Justice is served, but it’s little and late

A funny thing happened on James Ochoa’s way to getting the shaft again.

He didn’t.

If you’ve lost track of Ochoa’s problems with the justice system, here’s a list of people who have done him wrong since May 2005: Buena Park police, the Orange County district attorney’s office, a trial judge, a deputy state attorney general, and a hearing officer for the state Victim Compensation and Government Claims Board.

They all pitched in to ruin Ochoa’s life for a while, starting with his arrest on a carjacking charge that was later connected to another man.

But that was just the arrest. Then came the trial, based on eyewitness testimony but undercut by findings that had already established that DNA from the carjacker’s clothing didn’t match Ochoa’s. Then came the trial judge, who basically told Ochoa to plead guilty if he wanted a lighter sentence. Then came the deputy attorney general, who said the office wouldn’t oppose paying him for being wrongly convicted, but cited language in the law that might make Ochoa ineligible for such reparations. The state hearing officer, citing the attorney general’s findings, in February recommended against granting Ochoa $31,700 from the state compensation fund for the 10 months Ochoa spent in state prison.

This was after Ochoa had spent 17 months behind bars being tried and serving time for a crime everyone agrees he did not commit.


So, when the three-member compensation board met this week in Sacramento to sign off on the hearing officer’s decision, Ochoa and his attorney Scott Borthwick decided that if they were going to get rejected again, they wanted the board to say it to their faces.

“I still had faith they were going to do the right thing,” Borthwick says, “but I didn’t want to get my hopes up too high, because I figured they’re going to rubber stamp the hearing officer’s decision.”

How could he not be ambivalent? He had a innocent client who had pleaded guilty because the carjack victims were convinced he was the guy; a client who was staring at 15 years to life in prison from a judge who said he’d throw the book at him. So Ochoa pleaded guilty and took a two-year sentence.

And that proved the kicker: Even after the truth finally came out, Ochoa lost his compensation request because the hearing officer ruled that his guilty plea contributed to his imprisonment, thereby disqualifying him from getting money from the state.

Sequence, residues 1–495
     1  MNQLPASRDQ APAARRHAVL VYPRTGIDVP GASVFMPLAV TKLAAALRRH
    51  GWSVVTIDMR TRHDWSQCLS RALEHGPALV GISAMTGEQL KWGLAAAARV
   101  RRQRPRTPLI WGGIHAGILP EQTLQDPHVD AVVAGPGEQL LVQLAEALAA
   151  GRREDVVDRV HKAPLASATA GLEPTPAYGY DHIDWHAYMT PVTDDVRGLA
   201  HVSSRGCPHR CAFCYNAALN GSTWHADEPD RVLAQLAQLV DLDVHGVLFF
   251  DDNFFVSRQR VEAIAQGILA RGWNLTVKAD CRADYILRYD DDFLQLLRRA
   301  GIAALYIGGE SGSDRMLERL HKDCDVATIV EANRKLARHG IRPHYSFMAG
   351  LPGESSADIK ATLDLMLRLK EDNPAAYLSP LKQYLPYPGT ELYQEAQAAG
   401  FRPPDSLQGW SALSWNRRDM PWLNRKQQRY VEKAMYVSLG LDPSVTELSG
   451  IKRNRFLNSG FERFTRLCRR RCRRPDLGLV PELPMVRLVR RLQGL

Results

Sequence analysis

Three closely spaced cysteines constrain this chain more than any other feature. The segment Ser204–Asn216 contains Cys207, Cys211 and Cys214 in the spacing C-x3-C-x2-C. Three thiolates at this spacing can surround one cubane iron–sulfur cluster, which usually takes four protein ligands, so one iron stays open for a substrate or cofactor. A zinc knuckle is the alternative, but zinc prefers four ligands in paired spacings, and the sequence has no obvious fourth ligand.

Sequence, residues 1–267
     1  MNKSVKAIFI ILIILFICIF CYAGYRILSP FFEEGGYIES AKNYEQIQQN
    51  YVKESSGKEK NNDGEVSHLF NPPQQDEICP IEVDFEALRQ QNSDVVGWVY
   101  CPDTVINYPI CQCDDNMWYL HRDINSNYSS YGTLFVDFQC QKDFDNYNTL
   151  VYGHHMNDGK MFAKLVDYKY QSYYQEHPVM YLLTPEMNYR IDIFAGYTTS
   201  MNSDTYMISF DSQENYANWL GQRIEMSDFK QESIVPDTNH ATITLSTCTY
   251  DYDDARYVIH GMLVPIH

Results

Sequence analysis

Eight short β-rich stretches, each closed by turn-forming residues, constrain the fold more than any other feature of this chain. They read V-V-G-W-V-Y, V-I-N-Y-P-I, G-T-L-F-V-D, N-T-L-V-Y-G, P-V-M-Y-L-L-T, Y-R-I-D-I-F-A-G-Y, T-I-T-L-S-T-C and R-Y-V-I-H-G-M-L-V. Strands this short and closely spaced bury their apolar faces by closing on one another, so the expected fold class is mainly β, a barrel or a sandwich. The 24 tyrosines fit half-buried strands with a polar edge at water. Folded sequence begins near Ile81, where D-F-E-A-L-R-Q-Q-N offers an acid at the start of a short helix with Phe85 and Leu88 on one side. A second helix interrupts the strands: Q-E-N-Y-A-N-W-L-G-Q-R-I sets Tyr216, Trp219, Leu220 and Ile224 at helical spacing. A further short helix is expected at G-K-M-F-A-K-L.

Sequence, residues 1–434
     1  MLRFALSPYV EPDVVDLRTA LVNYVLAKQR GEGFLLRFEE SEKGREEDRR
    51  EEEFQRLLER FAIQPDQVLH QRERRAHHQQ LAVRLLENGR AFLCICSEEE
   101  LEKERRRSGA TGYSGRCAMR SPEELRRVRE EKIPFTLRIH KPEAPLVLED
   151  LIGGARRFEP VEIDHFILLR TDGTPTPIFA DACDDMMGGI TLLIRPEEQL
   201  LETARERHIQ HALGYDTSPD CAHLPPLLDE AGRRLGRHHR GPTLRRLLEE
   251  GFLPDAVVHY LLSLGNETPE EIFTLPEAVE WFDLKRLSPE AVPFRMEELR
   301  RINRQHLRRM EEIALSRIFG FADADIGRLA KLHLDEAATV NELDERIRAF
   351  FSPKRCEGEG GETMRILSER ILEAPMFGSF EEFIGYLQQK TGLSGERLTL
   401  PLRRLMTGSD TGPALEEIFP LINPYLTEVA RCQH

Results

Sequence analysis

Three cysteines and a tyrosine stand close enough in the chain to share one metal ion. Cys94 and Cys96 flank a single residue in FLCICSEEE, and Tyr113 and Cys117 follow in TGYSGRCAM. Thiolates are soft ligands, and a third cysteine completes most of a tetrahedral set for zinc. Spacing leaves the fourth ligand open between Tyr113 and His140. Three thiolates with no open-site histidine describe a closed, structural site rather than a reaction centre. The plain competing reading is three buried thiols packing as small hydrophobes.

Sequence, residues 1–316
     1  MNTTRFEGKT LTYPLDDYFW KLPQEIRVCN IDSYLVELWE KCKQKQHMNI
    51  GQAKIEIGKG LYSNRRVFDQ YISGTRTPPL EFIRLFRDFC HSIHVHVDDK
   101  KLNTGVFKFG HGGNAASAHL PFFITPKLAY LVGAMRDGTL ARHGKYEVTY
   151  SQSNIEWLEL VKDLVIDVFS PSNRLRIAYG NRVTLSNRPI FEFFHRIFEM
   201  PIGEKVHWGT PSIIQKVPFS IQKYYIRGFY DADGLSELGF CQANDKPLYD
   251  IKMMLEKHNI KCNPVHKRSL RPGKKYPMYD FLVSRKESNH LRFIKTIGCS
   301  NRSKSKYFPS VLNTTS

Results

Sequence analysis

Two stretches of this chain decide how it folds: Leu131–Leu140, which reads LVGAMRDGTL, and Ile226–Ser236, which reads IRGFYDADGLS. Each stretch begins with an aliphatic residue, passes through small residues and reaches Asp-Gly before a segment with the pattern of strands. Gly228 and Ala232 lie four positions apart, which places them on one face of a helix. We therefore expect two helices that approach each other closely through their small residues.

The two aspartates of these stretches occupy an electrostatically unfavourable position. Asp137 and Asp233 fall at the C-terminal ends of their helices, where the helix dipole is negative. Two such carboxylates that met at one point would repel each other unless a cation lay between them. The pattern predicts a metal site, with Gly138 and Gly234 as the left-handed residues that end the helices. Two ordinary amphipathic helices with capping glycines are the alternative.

The biggest surprise might be that Ochoa didn’t lose his sanity and now works for a silk-screen company in Texas.

According to Borthwick, the board’s decision to reject the hearing officer’s recommendation was spearheaded by members John Chiang and Michael Ramos, the state controller and the San Bernardino County district attorney, respectively.

I tried to reach them Friday for the proverbial pat on the back, but couldn’t track them down. The third board member, Rosario Marin, secretary of the State and Consumer Services Agency, was characterized by Borthwick as originally being opposed to giving Ochoa the money; but ultimately, she voted with her two colleagues.

What’s always been troubling about Ochoa’s case -- more so than the recommendation to deny him compensation -- is how easily it happened.

Police had a notion that Ochoa, on parole from a drug case, might be the carjacker so they showed the two victims a photo of him. They then showed them photos of two other guys who looked nothing like their descriptions, likely bolstering their belief that Ochoa was the guy. They took the victims to Ochoa’s house, where he was standing outside, basically in custody. The victims reiterated their identification.

Those false identifications might not have done him in if the district attorney’s office hadn’t pushed the case when DNA evidence, which was available before the trial, should have given them pause.

The next thing Ochoa knows, he’s on trial, the first victim identifies him and the judge tells him he’ll give him the maximum sentence if he prolongs the trial.

A spokesman for the state compensation board said its decision this week proves that the system works. Well, I’ll grant that it did for a day, but remember that Ochoa would have had to finish out his sentence if police hadn’t eventually come upon the real carjacker, who was by then doing time in an L.A. County jail.

Miles Bristow, the board’s spokesman, said the members agreed that the circumstances of Ochoa’s guilty plea “were so influential that it couldn’t be found that he contributed to his conviction.” In addition, “The information in the record showed some pressure from the court,” Bristow said.

Marin concedes she was initially torn over Ochoa’s claim. “I read the entire claim, and my heart went out to Mr. Ochoa,” she says. “It was clear to me he didn’t commit the crime, but what was unclear was to what degree . . . he contributed to his conviction. I was heartbroken, in the sense I felt the right thing to do was give him his money. On the other hand, I felt the law wasn’t clear.”

But she was swayed after talking to attorneys and hearing the comments of Ramos, the San Bernardino district attorney, who expressed indignation at how the Ochoa case was handled.

After knocking the justice system in earlier columns for what happened to Ochoa, I’m happy to salute it for getting things right this time.

I asked Borthwick, who had urged Ochoa not to take the guilty plea at his trial, if his former client was happy with his $31,700 compensation for the 317 days he served in prison. “He’s happy he got the money,” Borthwick says, “but I wouldn’t trade 17 months in county jail and prison for that amount of money. A hundred dollars a day, that’s not even minimum wage if you’re there 24 hours a day.”


Dana Parsons’ column appears Tuesdays, Thursdays and Saturdays. He can be reached at (714) 966-7821 or An archive of his columns is at